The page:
Trout eat a well presented fly, or they don’t. So the key to catching fish and having fun comes down to three things: picking the right spots, showing trout what they’re looking for and knowing when to move on.
It takes a lot of river experience to fish with confidence. Reading water and picking the best spots is a skill to be studied. Likewise, presenting the fly and offering trout what they’re looking for takes a lifetime of learning and refinement. But that third element to catching trout — knowing when to move on — is easier. And it comes down to this: Don’t force it. Just fish it. That’s something to remember.
Around here, we’re late enough into the season that most trout anglers have surrendered. They’ve hung up the fishing rods for summertime, finding various reasons to stay home. Some of these are legitimate. Warming temperatures are perhaps the best reason to give trout a break. And on the main trout rivers, especially larger ones, there’s no doubt that mid-summer trout need a respite from angling pressure as temperatures rise.
But trout water is varied, in every region. There are tailwaters, spring waters and tribs that remain cold, even in the hottest months. Many of these locations are full of wild trout, but the fishing is technical in low water with the high sun of summertime. It’s tougher, the weather is uncomfortable, and a walk might be necessary to reach these cold locations. But while most anglers stay away, they are missing one of the best challenges of the year.
Approaching low, clear, sunny water and still catching trout is an accomplishment. Likewise, handling the winter elements, finding trout that are willing to eat, and putting a few in the net is another challenge to overcome. And if you can catch fish in these extreme conditions, you can catch them anytime.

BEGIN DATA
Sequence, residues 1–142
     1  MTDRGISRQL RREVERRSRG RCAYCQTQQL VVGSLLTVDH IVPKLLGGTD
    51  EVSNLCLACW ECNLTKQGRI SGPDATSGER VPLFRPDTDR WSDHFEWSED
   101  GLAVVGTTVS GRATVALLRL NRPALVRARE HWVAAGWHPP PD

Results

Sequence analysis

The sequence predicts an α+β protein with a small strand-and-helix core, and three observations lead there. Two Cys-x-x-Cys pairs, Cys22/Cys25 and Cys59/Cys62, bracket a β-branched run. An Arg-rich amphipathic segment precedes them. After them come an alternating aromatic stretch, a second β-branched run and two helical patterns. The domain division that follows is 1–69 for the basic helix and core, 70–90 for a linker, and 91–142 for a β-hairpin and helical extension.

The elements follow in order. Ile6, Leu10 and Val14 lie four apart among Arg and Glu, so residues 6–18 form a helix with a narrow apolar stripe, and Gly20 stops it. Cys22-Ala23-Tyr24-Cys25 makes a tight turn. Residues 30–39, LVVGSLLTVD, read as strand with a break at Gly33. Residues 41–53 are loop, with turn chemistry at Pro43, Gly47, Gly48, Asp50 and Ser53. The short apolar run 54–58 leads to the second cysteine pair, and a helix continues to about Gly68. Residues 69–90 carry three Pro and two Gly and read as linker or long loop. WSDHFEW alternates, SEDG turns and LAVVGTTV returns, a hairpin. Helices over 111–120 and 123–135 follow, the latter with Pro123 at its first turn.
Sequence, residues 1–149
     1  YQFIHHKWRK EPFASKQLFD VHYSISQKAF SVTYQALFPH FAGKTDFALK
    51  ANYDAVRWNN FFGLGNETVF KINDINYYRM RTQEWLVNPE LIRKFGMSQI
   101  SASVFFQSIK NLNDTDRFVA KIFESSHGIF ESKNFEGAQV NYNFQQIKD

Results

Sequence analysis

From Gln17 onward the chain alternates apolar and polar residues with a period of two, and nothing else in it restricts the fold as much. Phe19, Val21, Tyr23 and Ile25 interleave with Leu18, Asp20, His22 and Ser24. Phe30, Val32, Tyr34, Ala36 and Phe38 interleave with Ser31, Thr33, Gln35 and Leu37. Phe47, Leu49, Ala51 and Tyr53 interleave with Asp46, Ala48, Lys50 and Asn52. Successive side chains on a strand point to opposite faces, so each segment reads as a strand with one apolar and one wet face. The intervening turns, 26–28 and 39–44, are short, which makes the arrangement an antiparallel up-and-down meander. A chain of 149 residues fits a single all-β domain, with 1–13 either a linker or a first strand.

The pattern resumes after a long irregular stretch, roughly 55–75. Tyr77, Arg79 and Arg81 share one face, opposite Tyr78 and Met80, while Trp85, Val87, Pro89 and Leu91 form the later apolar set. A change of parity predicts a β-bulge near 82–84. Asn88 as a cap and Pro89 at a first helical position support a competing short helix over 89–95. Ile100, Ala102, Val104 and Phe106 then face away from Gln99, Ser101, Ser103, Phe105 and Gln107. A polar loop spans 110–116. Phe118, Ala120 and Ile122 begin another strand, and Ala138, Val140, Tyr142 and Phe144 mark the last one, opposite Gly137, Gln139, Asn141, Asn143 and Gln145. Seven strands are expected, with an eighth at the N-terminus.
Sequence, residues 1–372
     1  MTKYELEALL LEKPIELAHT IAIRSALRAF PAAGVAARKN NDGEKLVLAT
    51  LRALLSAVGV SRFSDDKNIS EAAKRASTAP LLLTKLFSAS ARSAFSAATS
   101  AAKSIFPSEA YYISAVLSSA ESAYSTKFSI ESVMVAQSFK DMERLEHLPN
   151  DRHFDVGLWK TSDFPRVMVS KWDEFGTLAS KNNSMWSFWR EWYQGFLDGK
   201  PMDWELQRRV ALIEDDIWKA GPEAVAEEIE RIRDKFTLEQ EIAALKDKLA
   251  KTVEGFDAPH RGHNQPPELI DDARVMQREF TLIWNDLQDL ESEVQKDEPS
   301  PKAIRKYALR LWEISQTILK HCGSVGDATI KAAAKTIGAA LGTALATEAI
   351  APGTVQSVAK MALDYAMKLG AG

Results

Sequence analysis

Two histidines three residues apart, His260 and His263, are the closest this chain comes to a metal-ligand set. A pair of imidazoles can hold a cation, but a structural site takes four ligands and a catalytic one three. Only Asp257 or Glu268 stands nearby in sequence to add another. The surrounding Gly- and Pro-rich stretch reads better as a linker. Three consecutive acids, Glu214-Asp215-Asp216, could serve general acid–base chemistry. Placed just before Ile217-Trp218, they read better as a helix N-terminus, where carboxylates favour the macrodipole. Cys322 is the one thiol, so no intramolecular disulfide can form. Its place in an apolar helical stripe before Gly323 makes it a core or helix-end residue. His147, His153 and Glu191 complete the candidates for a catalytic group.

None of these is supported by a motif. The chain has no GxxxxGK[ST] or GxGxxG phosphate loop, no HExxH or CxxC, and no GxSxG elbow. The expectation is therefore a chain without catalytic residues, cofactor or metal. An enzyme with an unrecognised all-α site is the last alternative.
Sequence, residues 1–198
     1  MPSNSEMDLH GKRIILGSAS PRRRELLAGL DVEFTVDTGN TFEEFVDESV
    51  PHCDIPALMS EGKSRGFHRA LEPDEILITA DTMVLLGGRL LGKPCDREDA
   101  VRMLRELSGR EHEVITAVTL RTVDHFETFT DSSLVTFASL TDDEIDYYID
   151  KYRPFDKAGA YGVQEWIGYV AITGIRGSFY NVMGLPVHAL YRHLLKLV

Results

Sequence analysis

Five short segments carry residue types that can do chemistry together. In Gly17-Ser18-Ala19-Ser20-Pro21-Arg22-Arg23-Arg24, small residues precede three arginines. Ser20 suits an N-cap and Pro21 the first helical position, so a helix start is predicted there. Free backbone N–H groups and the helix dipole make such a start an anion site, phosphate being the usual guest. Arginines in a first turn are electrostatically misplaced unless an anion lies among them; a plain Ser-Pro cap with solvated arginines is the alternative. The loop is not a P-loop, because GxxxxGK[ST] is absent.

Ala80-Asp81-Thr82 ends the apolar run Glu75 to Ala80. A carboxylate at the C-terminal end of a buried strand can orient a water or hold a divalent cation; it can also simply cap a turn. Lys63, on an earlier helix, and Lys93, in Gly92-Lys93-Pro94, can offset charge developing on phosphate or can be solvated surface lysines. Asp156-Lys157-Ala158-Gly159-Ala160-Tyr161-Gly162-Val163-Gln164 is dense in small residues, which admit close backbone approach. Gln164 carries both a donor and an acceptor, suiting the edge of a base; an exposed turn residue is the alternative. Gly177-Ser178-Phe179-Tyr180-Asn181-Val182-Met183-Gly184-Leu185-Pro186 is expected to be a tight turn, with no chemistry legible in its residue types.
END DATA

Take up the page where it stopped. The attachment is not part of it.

Now go back to what I said at the start — the three things necessary to put trout in the net. Choose the right water, give them a good look and then have the confidence to move on.
This has been a theme for my own fishing in the last year or two. I’ve talked with my guided guests about it, and I’ve written articles. Keep moving. Cover water, and keep showing your fly to the next trout.
This becomes most important in the shoulder seasons. When trout are less active or when they’re more spooky in technical water, you simply cannot force a trout into submission. In fact, wherever wild trout are found, “don’t force it, just fish it” is a helpful principle that leads to more opportunities, more water covered, more scenery and yes, more trout in the net.
Trout eat the fly or they don’t. Remember, it’s tough to convince a trout that has already said no. Don’t force it. Just fish it.
Fish hard, friends.
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Enjoy the day.
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